Imagine you are on vacation and suddenly realize that you left the stove on. You panic for a minute, and then pick up your smartphone and switch off the stove from an app. Welcome to the home of the future, available in the present.
In my last column, I touched on the potential impact of the Internet of Things (IoT) on our lives. The interconnected or smart home is a key component of the IoT revolution. Surprisingly, our homes are more connected than we would think. A recent Forrester study shows that 20 percent of adult American Internet users already have a device at home that connects the physical environment to the Internet. The key reasons people considering using these devices are to cut energy bills (Internet-connected thermostat) and to improve home security (via webcams cameras providing a live video feed from your home to your phone or your computer).
Google’s purchase of Nest Labs for $3.2 billion has kicked off a gold rush into the smart home. Apple is rumored to reveal its smart home offering this week that would allow users to turn their iPhones into remotes to control lights, security systems, or even household appliances. No wonder these mega-corporations are betting on this opportunity. The smart home market, according to a recent study by Juniper Research, is estimated to increase from $33 billion in 2013 to $71 billion by 2018!
Although it seems esoteric, smart homes offer marketers very exciting opportunities to understand their customers and improve the customer experience across a number of industries:
1) Real-Time Insights: Its every marketers dream to acquire real-time data about the use of their products and customer preferences. Smart home devices collect a vast amount of data, in order to provide information that will be immediately useful to homeowners. With a clear marketing objective, this data can lead to valuable insights about customer behavior. An example is the Screen-Fridge with an integrated bar code scanner, which can be programmed to send orders to a retailer to reorder a product. Such a device would offer a marketer direct access to individual consumers’ consumption patterns, without having to wait for the next Nielsen home-scan report!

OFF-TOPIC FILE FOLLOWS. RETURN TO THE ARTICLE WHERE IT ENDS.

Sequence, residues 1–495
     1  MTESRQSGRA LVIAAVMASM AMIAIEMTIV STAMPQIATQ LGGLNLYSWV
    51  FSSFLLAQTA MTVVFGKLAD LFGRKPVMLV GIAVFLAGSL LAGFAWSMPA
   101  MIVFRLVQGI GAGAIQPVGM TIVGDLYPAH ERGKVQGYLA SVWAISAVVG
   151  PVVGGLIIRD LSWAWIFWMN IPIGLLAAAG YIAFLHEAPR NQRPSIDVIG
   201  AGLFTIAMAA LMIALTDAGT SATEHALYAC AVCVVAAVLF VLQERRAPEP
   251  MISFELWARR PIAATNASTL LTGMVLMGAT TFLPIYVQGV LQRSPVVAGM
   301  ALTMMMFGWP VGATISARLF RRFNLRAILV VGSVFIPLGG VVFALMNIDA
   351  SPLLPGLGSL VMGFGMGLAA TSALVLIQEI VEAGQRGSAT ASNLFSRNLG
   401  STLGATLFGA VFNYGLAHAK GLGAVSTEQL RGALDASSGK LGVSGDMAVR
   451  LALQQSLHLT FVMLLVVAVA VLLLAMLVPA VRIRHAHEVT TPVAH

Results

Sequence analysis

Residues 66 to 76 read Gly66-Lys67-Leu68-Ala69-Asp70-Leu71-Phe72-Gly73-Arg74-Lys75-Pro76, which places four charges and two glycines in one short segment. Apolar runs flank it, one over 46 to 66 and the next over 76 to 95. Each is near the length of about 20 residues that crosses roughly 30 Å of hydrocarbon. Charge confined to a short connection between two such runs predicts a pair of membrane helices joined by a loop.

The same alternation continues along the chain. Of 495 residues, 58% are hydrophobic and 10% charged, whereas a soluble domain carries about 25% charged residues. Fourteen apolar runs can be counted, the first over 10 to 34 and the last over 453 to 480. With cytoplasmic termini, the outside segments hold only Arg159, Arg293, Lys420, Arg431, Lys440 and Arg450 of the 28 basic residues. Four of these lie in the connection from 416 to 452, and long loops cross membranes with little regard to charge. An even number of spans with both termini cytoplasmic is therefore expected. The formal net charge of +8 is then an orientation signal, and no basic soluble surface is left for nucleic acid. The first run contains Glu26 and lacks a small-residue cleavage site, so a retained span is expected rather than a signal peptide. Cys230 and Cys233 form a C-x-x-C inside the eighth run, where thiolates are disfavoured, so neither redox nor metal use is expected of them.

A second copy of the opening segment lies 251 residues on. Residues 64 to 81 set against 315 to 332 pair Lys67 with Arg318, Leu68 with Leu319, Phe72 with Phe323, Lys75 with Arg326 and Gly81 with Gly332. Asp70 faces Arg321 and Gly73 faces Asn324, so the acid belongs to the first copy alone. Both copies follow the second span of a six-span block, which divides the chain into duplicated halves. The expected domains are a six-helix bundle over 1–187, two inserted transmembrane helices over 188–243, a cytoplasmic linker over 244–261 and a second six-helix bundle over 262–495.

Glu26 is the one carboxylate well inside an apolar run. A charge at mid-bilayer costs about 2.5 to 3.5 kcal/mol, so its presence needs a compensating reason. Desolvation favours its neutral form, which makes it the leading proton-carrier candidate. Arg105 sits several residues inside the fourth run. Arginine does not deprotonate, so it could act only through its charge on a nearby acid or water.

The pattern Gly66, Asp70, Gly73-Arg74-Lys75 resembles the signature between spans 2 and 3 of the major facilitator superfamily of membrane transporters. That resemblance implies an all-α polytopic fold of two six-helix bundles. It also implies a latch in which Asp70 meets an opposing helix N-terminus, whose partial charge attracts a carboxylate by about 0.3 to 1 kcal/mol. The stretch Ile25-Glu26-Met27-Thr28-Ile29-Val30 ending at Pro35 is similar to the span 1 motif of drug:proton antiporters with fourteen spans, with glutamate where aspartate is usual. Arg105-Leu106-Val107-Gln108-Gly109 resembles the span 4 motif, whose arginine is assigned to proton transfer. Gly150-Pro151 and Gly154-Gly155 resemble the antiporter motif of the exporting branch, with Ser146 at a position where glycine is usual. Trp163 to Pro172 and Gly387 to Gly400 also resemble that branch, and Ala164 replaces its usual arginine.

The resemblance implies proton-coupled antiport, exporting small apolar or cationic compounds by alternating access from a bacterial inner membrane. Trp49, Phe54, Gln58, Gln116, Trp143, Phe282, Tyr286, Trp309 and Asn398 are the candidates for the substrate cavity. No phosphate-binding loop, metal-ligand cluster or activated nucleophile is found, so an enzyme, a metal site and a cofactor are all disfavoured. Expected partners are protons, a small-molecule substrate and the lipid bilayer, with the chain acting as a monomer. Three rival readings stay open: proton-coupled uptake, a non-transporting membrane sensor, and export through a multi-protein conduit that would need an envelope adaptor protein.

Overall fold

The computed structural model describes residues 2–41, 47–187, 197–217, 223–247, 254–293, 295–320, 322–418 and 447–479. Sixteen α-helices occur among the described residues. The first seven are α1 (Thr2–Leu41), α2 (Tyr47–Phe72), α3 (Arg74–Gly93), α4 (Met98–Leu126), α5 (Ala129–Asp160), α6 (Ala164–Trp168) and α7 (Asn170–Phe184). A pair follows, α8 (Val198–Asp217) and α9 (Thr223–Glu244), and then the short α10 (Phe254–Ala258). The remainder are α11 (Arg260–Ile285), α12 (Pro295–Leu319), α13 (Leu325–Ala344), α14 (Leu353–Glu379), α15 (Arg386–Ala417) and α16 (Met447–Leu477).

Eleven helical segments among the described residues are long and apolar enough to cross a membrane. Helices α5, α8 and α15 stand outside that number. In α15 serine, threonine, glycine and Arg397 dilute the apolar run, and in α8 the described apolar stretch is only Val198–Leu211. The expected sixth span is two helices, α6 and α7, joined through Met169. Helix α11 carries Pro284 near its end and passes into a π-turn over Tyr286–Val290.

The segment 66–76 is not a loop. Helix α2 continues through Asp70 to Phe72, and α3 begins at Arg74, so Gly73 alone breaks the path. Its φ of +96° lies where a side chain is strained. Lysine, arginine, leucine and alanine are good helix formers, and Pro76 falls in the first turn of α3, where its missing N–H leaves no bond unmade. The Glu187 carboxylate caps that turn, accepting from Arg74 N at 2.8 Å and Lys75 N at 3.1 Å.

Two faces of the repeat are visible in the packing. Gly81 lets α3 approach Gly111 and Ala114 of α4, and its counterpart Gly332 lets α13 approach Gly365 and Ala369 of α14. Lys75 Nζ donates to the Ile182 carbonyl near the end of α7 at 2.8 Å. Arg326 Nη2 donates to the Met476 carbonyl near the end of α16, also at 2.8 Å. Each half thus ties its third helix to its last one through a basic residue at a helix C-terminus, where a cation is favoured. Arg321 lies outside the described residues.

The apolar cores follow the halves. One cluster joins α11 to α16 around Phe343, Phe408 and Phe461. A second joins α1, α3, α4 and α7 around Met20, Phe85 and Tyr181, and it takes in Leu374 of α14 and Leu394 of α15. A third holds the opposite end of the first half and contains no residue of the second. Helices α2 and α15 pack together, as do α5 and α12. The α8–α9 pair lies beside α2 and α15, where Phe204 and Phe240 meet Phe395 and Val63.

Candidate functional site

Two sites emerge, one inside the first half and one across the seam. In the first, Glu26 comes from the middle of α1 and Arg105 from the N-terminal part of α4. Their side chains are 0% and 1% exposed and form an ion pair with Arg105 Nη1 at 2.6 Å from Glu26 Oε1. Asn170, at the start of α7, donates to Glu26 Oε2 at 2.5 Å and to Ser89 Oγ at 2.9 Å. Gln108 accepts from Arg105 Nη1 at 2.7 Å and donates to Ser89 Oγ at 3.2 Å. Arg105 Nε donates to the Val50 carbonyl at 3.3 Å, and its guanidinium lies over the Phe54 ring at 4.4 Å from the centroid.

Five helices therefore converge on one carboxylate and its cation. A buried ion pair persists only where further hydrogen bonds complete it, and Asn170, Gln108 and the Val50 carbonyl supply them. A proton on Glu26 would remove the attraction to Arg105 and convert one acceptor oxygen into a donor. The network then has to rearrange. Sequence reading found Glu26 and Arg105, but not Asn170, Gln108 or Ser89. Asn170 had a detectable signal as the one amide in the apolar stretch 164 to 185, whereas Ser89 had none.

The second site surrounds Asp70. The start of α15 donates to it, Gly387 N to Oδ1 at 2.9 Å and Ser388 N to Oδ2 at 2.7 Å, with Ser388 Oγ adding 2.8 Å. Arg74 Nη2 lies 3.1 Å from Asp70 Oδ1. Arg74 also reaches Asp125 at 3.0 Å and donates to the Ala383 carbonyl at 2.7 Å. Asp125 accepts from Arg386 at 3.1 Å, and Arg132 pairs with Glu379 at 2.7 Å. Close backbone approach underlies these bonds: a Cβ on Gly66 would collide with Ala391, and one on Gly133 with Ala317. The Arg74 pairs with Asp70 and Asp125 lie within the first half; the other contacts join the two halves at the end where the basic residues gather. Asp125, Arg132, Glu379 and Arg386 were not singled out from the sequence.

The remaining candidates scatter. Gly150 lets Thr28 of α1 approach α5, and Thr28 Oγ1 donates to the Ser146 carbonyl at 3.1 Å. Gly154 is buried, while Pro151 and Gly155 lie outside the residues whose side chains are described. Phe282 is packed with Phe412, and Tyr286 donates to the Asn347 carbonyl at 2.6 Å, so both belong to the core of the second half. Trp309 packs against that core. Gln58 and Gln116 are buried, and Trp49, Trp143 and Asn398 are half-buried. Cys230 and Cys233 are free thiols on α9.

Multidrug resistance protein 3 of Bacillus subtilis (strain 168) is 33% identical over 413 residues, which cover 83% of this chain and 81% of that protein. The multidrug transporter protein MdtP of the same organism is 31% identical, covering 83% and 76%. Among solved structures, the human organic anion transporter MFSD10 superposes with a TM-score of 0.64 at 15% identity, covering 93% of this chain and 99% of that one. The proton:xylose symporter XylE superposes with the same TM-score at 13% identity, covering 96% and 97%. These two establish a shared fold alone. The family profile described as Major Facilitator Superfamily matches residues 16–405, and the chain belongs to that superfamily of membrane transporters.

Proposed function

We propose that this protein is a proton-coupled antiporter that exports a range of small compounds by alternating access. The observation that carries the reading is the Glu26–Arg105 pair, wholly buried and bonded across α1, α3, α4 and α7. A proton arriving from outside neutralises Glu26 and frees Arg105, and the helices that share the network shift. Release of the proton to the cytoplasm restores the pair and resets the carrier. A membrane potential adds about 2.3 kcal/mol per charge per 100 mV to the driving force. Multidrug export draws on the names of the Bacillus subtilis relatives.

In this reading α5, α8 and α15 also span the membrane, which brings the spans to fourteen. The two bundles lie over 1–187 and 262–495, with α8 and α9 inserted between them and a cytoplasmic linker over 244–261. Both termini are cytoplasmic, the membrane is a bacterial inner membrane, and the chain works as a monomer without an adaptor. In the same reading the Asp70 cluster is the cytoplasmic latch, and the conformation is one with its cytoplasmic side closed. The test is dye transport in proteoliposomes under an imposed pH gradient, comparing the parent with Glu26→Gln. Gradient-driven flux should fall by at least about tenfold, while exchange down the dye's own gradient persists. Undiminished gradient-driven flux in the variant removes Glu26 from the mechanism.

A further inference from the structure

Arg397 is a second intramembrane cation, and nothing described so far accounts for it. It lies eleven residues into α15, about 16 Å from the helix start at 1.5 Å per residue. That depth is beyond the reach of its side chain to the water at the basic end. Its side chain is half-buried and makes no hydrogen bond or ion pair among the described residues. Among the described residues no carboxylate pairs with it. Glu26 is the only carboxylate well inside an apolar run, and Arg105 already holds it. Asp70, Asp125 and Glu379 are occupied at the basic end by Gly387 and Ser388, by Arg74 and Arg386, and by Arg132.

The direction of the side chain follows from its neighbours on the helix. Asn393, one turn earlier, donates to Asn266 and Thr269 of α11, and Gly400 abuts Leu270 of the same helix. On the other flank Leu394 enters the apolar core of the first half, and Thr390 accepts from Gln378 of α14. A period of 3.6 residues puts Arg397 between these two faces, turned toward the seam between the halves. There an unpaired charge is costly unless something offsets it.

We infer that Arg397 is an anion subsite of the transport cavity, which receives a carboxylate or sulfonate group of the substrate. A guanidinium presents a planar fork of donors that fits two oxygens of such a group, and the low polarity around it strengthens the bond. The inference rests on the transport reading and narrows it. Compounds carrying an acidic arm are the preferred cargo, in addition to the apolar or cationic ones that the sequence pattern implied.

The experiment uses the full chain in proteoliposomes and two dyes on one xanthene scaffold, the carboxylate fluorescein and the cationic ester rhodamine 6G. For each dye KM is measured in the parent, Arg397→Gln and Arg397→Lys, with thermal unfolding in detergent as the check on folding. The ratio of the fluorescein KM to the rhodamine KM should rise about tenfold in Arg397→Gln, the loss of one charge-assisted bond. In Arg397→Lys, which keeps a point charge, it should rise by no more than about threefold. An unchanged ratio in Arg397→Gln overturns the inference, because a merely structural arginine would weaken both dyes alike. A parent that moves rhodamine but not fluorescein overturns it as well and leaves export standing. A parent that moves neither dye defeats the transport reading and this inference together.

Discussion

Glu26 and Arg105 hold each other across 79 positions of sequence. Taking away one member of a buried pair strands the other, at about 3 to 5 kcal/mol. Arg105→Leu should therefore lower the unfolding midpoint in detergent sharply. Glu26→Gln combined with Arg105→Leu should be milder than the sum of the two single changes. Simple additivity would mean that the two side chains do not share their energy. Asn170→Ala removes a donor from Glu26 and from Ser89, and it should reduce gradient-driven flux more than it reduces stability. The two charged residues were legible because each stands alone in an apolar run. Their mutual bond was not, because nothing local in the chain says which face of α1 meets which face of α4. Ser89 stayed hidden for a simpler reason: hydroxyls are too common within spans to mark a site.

2) TiVo-ing Shopping: The integration of “smart” devices will have an impact on people’s shopping habits. With preference-based automatic replenishment, the chore side of shopping will be further minimized especially for staple items. For consumers, it would mean less stress from driving to the store. However, it would also mean that visits to physical stores would decline, thus reducing the opportunities for merchandising and delivering an in-store customer experience. Today, Tesco and Duane Reade are testing Bluetooth-enabled devices that can communicate directly with your smartphone to offer coupons for products in-store/online based on your preferences and purchase history.
3) Uber-Personalization: If you thought media fragmentation was high now, in the future it will become even more extreme. That could be the final nail in coffin of mass media or the 30-second commercial. In my opinion, media fragmentation will be an advantage for advertisers since it will allow the “long-tail” concept to realize its full potential. With targeted messages to individuals, not only would the conversions would be higher, but also there would be less waste of advertising dollars.
The smart home market is just beginning to heat up. This trend will change the way consumers shop and will force marketers to relook at the existing marketing model. The question is, are we prepared for this change?
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